July 01, 2008,
U.S. asks from San Diego, CA on June 30, 2008
Sleep Issues - San Diego,CA
So, I have this wonderful, very strong-willed and independant 2 1/2 year old daughter, that has had a habit of waking once or twice in the night (she is in her own room-we leave the door open) crying in a fit. When this happens we have tried going in and soothing her, but she ulitmately insists on my husband or myself staying until she falls back asleep. Sometimes she will only allow myself and others it's only daddy that will do. She often wants milk at those times too. We have tried everything from the above to "tougher love" which breaks my heart. We feel she is trying to get her way, so to speak, and have tried breaking the cycle. This has gone on for at least a year. Our Dr. thinks it may be night terrors and he thinks it should pass. Another issue is that most mornings she wakes up crying too. Almost as though she is angry she woke up! Other days she is sweet as pie upon waking. On top of all of that we have a really hard time getting her to sleep as well. We have watched her on the monitor and she just lays there looking around the room for at least an hour or so. She does have a nightlight and this falling alseep will sometimes happen as late as 11:00 or so. She is not a great napper, but she will take one most days. Any ideas? Or are we just being to soft?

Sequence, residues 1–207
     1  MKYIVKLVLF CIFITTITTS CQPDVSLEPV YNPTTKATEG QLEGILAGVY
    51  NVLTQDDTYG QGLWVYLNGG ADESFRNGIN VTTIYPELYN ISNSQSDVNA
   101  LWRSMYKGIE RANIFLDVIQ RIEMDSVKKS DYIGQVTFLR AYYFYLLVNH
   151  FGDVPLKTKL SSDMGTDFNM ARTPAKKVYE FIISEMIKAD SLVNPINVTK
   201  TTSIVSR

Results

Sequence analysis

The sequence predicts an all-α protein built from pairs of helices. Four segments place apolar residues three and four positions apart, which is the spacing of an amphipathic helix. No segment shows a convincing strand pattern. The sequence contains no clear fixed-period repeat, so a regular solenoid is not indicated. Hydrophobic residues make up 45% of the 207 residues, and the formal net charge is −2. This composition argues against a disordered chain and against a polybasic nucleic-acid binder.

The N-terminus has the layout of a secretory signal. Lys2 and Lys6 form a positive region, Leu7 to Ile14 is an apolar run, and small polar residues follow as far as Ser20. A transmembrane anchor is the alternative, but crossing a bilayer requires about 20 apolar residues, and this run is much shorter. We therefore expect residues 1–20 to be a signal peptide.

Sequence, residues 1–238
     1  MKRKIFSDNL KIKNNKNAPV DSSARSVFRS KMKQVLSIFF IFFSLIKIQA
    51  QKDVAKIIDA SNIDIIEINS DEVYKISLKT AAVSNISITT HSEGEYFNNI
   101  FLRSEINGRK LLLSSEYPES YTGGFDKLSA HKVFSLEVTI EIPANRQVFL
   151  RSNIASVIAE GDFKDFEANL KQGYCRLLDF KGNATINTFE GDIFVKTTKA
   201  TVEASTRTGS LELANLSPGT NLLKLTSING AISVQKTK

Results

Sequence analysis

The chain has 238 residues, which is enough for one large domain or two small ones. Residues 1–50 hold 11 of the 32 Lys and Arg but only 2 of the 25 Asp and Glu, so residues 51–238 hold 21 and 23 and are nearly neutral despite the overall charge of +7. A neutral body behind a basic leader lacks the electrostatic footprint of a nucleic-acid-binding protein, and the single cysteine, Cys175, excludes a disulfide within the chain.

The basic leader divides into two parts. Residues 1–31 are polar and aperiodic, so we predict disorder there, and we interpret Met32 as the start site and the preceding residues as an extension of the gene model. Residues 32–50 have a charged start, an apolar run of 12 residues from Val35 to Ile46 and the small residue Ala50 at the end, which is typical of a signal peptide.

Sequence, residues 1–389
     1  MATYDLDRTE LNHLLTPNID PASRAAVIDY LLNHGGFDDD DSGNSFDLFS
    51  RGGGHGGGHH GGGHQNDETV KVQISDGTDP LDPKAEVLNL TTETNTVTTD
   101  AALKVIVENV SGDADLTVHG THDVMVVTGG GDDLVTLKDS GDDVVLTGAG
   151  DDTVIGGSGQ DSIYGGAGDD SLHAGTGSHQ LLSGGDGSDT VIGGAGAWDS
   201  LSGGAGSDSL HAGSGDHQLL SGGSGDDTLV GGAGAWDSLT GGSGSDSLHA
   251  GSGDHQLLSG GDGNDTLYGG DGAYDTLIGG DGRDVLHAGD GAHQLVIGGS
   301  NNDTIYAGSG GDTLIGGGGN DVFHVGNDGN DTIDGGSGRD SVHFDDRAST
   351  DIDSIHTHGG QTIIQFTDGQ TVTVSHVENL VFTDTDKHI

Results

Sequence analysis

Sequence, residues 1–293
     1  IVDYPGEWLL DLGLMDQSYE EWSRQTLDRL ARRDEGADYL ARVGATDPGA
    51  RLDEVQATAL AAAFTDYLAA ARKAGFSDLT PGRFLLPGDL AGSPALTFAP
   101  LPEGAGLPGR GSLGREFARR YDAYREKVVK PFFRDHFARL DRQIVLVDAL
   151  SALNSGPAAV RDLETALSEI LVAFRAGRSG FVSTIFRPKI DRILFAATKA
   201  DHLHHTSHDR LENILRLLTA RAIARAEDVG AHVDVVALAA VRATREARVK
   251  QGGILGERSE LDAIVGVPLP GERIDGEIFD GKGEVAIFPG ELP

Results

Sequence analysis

S.H. answers from Los Angeles on July 01, 2008
You know it sounds like you're little one doesn't need a nap. As hard as it will be on you.... try eliminating the nap. I struggled with a similar situation and it improved when I let go of my "sanity" time (nap time).
T.F. answers from Los Angeles on July 01, 2008
I think you are being too "hard." If this has been going on for a year, what you have doing hasn't been working.
I had the same "problem" with my children, but I just went to them at night and stayed with them until they fell asleep (so the problem was solved - it did not last a year +).
The real issue is that MOST human babies/young children expect/need human contact at night. (The other real issue is that we Western parents don't see this coming, and do not expect it. We expect them to sleep contently in their crib/bed alone the first few years without a peep. That's not really realistic.) Unfortunately, our culture (which encourages independence training since birth, encourages sleeping apart, separate sleeping rooms) does not encourage nighttime closeness. Yet babies, wake up terrified at night (it's dark! What's in the dark? Some animal that is going to "get me"? Where is my mother?) seek comfort, and we basically shut the door on them (mainstream books and magazines do not help).